Nicholas and I arrange our schedule around what we call the PTSDs—Prime Times of Staring and Derision.
Most mornings we arrive at the pool by 8:30 a.m., when it first opens, and, after a duration in the sun sufficient to invigorate us, we leave, at the latest by eleven a.m., when the first of the “prom couples” (another term we’ve coined) descends.
After the pool, we go to the club, where we have a midday meal. Except for a few of the waiters and cooks who congregate, speaking faraway-sounding languages, at the back of the restaurant, we are, typically, on our own. We prefer to eat before the lunchtime rush, even if it means forgoing some of the fresher varieties of crudité, and the better cuts of meat, which the staff put out at half past noon. In our experience, the staring and derision are more intense indoors than outside, by the pool or on the golf course, where the sun has, it seems to me, a kind of drowsing, certainty-depleting, effect. It is an effect with which I am myself familiar.
Occasionally, in the afternoons, Nicholas and I will play a half-round of golf, or a few sets of tennis, provided my shrapnel knee isn’t causing trouble. But, more often than not, the exhaustion we feel in response to all the staring and derision—it seems extreme to call the feeling fear, or even resentment—keeps us indoors, in my condominium, which sits at periphery of the community, in the shadows of the palms that screen sounds from the freeways beyond the outer wall.
On most days, my housekeeper finishes her work by four p.m., and then my daughter calls (with, it must be said, wearying exactitude) at five p.m.; she keeps me on the phone, boasting about her children and inquiring after my well-being, for only a few minutes each time. This leaves Nicholas and me a good four-hour span in which to do, it is my joy to say, whatever we please. How we occupy ourselves during this time is something that is perhaps best left to be contoured and colored in by individual imaginations. But, at the risk of offering too much, I feel I must say—if only in an effort to discourage the sorts of misgivings that have been felt, and sometimes vocalized, by members of my community—that our activities in these hours are enjoyable to both of us, and, far from constituting any kind of exchange, or transaction, they instead partake of a kind of innocence, a naïve tenderness even, that, had you asked me years ago, I would have said I was certain I would never experience again.
In accordance with the advice of my doctors, as well as the nurse from the Veterans Hospital who visits me each week, I am in bed and asleep by nine-thirty p.m. most nights. There are times when Nicholas goes to sleep with me but, more often, he stays awake, playing on his phone or watching television, before retiring a little later to the guest bedroom (for fear, he tells me, of disturbing me). Sometimes, after I have gone to bed, he leaves the condominium altogether, although I do not think he knows I know this. On these nights, he returns at hours that seem, in my half-dreaming state, extreme, but that are probably normal for him, given his age. I have no objections. I only care that he is there again in the morning, which he nearly always is.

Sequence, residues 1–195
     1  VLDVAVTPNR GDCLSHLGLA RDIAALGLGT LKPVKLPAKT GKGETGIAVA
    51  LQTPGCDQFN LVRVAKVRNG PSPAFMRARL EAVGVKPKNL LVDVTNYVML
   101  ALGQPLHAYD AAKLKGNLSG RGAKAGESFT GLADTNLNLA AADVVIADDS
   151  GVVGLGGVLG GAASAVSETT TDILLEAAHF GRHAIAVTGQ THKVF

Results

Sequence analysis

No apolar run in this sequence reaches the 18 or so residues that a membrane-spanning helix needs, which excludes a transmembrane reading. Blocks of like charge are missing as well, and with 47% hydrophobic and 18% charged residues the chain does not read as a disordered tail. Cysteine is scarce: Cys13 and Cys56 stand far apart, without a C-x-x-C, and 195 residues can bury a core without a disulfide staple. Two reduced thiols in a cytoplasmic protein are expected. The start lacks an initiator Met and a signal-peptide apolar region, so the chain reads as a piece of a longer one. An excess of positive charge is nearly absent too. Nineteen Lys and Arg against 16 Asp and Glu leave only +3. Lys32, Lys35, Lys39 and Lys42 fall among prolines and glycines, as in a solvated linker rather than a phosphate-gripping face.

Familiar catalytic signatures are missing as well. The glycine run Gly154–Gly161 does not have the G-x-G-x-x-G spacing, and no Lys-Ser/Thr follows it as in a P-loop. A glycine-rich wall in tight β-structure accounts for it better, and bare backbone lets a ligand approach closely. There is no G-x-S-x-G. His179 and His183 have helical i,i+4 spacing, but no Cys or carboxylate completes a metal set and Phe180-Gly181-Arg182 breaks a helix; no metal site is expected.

It sometimes amazes me: the paucity of things I require, to reestablish, each morning, my sense of solidity. These days, I feel, I need little besides Nicholas’s cowlick, which he is forever failing to tame, or the slight protuberance of his stomach, as he sits over the kitchen table, reading for the community-college classes he loathes, or the pinkness of the skin on his hands and feet, which, on my own body, would signal a cut, or abrasion, that had left raw flesh exposed. I need little besides this, and it gratifies me. The possessions that have been taken from me, the women and men who have died, the others who will not speak to me, the memories that, my doctors tell me, will slowly, and then very rapidly, abandon me: these matter little to me anymore.
I need little besides Nicholas and, on days when he is away—for he is, on occasion, absent, for varying reasons and varying durations, sometimes for only a few days and sometimes, like now, for several weeks—I find I am adept at keeping myself occupied. When I return home from the club, I retire to my back porch, where the view offers, to my mind, endless diversions. Egrets land in the pond at the bottom of the slope, gathering air in their wings as they decelerate. Around the time the sun sets, at just the moment the light catches it, I study a certain palm frond that I have watched, over the past few months, slowly age. At its base it is vibrant, blue and hard, while, at its end, it is frail, brown and bug-eaten. And yet it’s this end, the frail end, to which my attention is drawn—the place at which the thing seems to attain, in a final, wilted, sun-soaked way, a kind of inviolable privacy.
It is silent for the most of the day. At times I catch myself listening for sounds—for voices, soft approaches.
But, as night falls, I relinquish, and give my ears to the chorus: storm-front breezes passing through high grasses; motorcycles howling on distant freeways; overhead, planes diving toward dark destinations; and, underneath me, the earth crawling, amid a pandemonium of insects.
Daniel Lefferts is a writer living in New York.